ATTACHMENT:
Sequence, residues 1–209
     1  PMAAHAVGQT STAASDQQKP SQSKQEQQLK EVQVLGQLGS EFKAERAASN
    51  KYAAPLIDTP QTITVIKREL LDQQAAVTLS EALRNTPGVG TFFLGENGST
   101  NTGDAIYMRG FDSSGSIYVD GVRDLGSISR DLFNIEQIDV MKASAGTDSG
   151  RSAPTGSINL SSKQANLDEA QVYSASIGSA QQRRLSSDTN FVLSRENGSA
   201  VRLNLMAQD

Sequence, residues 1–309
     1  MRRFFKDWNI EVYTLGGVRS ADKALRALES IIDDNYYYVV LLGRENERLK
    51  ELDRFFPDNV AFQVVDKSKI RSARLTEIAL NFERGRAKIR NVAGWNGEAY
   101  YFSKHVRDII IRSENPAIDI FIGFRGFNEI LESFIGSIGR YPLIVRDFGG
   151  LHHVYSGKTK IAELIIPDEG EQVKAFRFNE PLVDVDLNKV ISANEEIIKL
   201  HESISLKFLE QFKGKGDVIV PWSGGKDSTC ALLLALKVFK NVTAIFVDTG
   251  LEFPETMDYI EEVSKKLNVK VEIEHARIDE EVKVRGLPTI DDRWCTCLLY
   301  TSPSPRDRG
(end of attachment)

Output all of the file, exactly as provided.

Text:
Sequence, residues 1–209
     1  PMAAHAVGQT STAASDQQKP SQSKQEQQLK EVQVLGQLGS EFKAERAASN
    51  KYAAPLIDTP QTITVIKREL LDQQAAVTLS EALRNTPGVG TFFLGENGST
   101  NTGDAIYMRG FDSSGSIYVD GVRDLGSISR DLFNIEQIDV MKASAGTDSG
   151  RSAPTGSINL SSKQANLDEA QVYSASIGSA QQRRLSSDTN FVLSRENGSA
   201  VRLNLMAQD

Sequence, residues 1–309
     1  MRRFFKDWNI EVYTLGGVRS ADKALRALES IIDDNYYYVV LLGRENERLK
    51  ELDRFFPDNV AFQVVDKSKI RSARLTEIAL NFERGRAKIR NVAGWNGEAY
   101  YFSKHVRDII IRSENPAIDI FIGFRGFNEI LESFIGSIGR YPLIVRDFGG
   151  LHHVYSGKTK IAELIIPDEG EQVKAFRFNE PLVDVDLNKV ISANEEIIKL
   201  HESISLKFLE QFKGKGDVIV PWSGGKDSTC ALLLALKVFK NVTAIFVDTG
   251  LEFPETMDYI EEVSKKLNVK VEIEHARIDE EVKVRGLPTI DDRWCTCLLY
   301  TSPSPRDRG